I think that besides so graciously, knowledgeably, and loyally representing our Queen in Ontario, this is where Pauline McGibbon made the greatest contribution to the life of the province in her six years of office. Not only has she brought the Crown to the people, she has also given to ordinary citizens the feeling that they are important, that they have something to contribute, indeed that they have a responsibility to contribute to the well-being of their fellow Ontarians. I do not speculate on this point; I draw my conclusions from those who have spoken to me about just that very matter.
In a very few days our guest of honour will step down from the highest office in this great province to become again a private citizen. But Pauline McGibbon can never really become a private citizen, for wherever she goes after September 15 she will still carry with her the aura of the office in which she gained the respect, the love, and the affection of the people of Ontario, and she will continue to be recognized and honoured wherever she goes.
There will probably be many occasions such as this on Pauline McGibbon's calendar in the days ahead. Let it therefore be recorded that nowhere else would she be honoured with any greater respect, greater love, greater affection and greater admiration than by the members and friends of the Loyal Societies and the members of the Canadian Armed Forces Reserves, all of which stand for those qualities of loyalty and citizenship so graciously epitomized and enobled in the person of Colonel the Honourable Pauline McGibbon, Officer of the Order of Canada, the twenty-second Lieutenant Governor of the Province of Ontario.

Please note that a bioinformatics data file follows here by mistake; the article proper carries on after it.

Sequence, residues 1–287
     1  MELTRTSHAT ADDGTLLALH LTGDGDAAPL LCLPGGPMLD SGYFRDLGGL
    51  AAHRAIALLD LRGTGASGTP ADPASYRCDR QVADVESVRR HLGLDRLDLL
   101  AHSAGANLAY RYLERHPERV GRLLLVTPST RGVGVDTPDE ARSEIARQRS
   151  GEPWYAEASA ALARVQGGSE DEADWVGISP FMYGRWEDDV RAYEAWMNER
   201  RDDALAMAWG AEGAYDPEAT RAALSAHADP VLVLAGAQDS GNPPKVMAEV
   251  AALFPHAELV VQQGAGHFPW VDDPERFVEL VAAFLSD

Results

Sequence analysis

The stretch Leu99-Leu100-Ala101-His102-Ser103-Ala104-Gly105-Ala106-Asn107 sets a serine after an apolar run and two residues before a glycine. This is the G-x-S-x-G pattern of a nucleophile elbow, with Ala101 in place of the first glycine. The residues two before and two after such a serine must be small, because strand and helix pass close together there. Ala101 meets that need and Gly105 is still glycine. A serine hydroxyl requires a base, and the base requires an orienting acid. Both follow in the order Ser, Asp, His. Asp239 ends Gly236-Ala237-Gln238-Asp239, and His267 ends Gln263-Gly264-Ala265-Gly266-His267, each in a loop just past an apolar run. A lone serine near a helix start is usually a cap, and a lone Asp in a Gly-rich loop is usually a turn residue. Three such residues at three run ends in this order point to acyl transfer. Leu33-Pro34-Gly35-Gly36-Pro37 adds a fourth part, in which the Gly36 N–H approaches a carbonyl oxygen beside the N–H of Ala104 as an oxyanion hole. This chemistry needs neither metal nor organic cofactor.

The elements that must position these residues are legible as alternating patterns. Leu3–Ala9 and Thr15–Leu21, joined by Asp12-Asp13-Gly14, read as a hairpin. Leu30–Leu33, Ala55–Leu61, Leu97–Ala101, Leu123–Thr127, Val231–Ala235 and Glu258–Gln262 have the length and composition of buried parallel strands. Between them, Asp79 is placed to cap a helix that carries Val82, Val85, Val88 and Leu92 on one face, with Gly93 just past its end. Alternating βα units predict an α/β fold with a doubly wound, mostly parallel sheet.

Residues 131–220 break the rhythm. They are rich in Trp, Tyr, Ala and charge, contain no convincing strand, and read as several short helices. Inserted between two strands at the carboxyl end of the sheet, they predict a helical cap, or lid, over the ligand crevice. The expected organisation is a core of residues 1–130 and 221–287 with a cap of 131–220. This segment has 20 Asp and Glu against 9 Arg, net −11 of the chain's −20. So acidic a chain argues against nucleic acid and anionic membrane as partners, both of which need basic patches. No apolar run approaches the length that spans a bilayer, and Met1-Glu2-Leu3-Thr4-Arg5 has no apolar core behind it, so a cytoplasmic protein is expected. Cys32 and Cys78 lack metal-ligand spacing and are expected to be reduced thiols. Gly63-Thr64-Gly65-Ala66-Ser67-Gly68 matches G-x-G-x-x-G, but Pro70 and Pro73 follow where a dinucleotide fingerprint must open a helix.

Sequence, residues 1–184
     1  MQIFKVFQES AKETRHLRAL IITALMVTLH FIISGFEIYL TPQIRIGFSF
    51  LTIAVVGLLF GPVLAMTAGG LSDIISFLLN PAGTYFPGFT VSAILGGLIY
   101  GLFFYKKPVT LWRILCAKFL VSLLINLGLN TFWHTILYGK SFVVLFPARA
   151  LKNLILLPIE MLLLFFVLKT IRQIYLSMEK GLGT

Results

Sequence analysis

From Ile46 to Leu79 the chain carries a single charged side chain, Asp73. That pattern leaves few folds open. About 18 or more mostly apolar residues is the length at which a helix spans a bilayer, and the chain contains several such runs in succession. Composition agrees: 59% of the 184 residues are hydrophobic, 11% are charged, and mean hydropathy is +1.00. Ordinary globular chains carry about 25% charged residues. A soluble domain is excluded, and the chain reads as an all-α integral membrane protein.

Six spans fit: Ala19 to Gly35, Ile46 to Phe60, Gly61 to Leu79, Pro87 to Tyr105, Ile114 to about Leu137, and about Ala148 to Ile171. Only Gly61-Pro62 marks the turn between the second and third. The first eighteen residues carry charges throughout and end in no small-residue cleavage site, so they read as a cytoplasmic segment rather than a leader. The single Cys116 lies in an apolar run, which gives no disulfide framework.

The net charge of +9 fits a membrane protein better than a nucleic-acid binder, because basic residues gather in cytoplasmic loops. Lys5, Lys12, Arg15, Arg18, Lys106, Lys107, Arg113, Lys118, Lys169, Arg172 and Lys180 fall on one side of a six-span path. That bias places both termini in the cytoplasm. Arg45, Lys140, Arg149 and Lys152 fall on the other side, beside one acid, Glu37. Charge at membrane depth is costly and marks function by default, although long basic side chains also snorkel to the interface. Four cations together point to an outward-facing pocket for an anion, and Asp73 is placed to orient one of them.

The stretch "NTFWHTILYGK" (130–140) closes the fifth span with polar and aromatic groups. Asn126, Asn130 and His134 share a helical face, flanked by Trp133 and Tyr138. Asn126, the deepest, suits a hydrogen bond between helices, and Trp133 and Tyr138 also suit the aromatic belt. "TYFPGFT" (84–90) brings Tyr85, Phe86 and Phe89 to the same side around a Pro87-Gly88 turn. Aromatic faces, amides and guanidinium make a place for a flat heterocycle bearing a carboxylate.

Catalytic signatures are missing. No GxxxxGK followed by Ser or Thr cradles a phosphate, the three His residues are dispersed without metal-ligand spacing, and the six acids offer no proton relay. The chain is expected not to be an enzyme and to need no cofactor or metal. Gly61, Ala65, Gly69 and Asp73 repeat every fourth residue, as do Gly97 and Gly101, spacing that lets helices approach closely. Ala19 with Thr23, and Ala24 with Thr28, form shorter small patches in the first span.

Ladies and gentlemen, I invite you to rise and join with me in a toast to our beloved Lieutenant Governor.
Thank you, General Lewis. Ladies and gentlemen: your Guest of Honour, the Honourable Pauline McGibbon, the Lieutenant Governor of Ontario. May it please Your Honour to speak to us now.
Mr. Chairman, ladies and gentlemen: My husband and I thank you, the Presidents of the Loyal Societies, the Commanders of the Reserves, and all the members here, for this magnificent and joyous dinner which you have given in our honour. More than that, I would like to thank all the Loyal Societies and the Military for the great support they have given to me as the representative of Her Majesty the Queen in Ontario during my tenure of office. To me you will always be the marvellous, loyal and unselfish people who serve the Crown and the people of Ontario in so many ways. May I also thank General Reg Lewis for his happy and amusing toast to me and General Bruce Legge for organizing and chairing this splendid occasion. It has been a great honour to serve as the representative of the Queen in this province and I have been enriched every day by the associations which I have had with those who undertake public service through the arts, the Loyal Societies and the Military.
We both thank you very much.
Thank you, Your Honour. While Andrew Kniewasser was praising the Crown in French, I recalled that the French language has special truths and meanings, like de La Bruyere's 17th century assertion that "Women run to extremes-they are either better or worse than men." Your Honour, your friends here don't see you in comparison to men or to other governors, but we do recognize in you the extreme of goodness and your governorship will always be "nuli secundis," second to none. We celebrate your long and happy and perfect service to this province and its people as the representative of Her Majesty. I know that you forbid gifts, but may it please Your Honour to accept a donation of the profit from this dinner to the Pauline McGibbon Cultural Centre. May it further please Your Honour to accept this commemorative leather album inscribed in gold leaf to mark this gala dinner and soon to be filled with beautiful coloured photographs by Robert Lonsdale, all of which is tendered with our duty, our respect, and our love for you and for the Queen whom you serve.*
*Historical Note: The band of the Royal Regiment of Canada played "Auld Lang Syne," which the 1,500 guests at the dinner sang as Her Honour left the Canadian Room.